While dienes and other standard maths curriculum resources can be useful for understanding place value for different numbers in isolation or for addtion and subtraction, more complex operations need something else.
The best place value grid
As a teacher you already know how important the place value grid or place value chart is in your teaching but did you know there was a way to turbo charge its effectiveness?
Here’s how: turn your simple place value grid into a Place Value Concertina
All it takes is some coloured card, pens and a pair of scissors. Within ten minutes you can have a foolproof tool for showing how to move numbers to the left or right when teaching place value. It’s so simple you can even get your pupils to make it with you!
All the instructions you need are in this free printable resource.
Place Value Concertina
Your fun, never-fail resource designed to banish the misconception 'to multiple a number by 10, a 0'
How to use your place value grid or place value concertina
Once you’ve made your place value concertina, simply ask students to make a number. In the example below we have made 369.
Multiply by 10 using your place value grid
Then ask them to multiply by ten, by moving the numbers one column each to the left. They will also need to add a zero as the place holder for the Ones column. Not for nothing did my class always call it Zero the Hero!
Divide by 10 using your place value grid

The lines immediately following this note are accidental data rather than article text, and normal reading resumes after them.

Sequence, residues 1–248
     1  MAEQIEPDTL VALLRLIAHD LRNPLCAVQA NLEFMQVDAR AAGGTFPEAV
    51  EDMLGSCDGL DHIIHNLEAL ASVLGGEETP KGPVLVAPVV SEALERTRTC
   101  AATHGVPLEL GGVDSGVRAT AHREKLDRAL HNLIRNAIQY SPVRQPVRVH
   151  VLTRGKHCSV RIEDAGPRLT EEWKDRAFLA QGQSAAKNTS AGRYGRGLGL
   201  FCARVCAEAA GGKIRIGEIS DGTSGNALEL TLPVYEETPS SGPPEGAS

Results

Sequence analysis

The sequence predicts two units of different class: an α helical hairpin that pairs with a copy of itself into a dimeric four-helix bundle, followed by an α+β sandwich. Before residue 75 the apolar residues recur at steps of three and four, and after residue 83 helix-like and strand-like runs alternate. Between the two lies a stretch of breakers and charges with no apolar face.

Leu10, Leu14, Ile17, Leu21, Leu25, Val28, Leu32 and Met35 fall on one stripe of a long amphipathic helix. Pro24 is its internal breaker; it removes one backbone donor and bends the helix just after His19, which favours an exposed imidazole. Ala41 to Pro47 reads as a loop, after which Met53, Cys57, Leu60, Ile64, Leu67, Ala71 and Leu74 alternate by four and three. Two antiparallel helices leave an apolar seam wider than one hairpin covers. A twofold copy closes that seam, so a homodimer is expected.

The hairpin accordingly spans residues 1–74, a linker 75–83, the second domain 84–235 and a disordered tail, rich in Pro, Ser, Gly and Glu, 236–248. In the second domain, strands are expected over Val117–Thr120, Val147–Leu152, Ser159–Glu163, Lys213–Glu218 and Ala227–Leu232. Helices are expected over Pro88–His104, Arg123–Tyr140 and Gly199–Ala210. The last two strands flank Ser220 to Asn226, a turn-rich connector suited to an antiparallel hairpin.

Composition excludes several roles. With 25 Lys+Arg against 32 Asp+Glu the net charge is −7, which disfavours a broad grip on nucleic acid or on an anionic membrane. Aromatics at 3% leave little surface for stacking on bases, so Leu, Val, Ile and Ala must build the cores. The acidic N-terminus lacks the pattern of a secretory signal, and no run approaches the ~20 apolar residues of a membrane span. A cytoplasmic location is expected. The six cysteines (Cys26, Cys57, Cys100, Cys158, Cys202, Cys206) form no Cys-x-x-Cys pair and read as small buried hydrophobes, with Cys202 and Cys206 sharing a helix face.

If you want to divide 369 by 10 then you simply move the numbers one column each to the right as seen in the picture below. Pupils are quick to pick up the idea and process of physically moving the digits. This embeds the concept for them correctly, helping them to move on to bigger numbers and more complex concepts.
On a place value chart (as shown below), not only is it clear that this is the answer, children can further see that 9 is now the the tenths place. Dividing by 10 once again would move the 9 into the hundredths place and the 6 into the tenths place etc.
You can also move on to multiplying by 100, moving two columns left and needing two zeros and so on.
Place value grid activity ideas
My pupils have always loved this place value concertina resource and we play games with them including me calling out clues for a number and them adding the right digits into the columns to show the answer.
- I am a three-digit number. My tens digit is 6 less than my ones digit and 1 less than my hundreds digit. If you multiply me by 7, the estimated product is 1,400. What number am I? (For more tricky ones I might ask them to work in pairs or groups).
- Ask children to each make a number (you may want to specify for example a 3-digit or 2-digit number or a number with 1 decimal place) in their concertina. They can then show their number to a partner and together try adding/ subtracting one number from the other. This will help to reinforce place value in addition and subtraction.
I hope you find this place value grid useful. This free resource has not only worked brilliantly for me during the many years of my own teaching career, but it was passed down to me by my own teacher (now retired). So thank you very much Mr Bell from Hangleton Junior School – we all owe you one!
- How To Teach Place Value in Year 5 and 6 For Small Group KS2 Interventions
- 10 Simple and Effective Place Value Games for KS1 and KS2
- Guide to Place Value Learning Objectives in the KS1 and KS2 National Curriculum
- For Year 5 and Year 6: 75 SATs style questions on Place Value, Fractions, Addition and Subtraction
- What is Place Value? Explained for Parents and Children
Do you have pupils who need extra support in maths?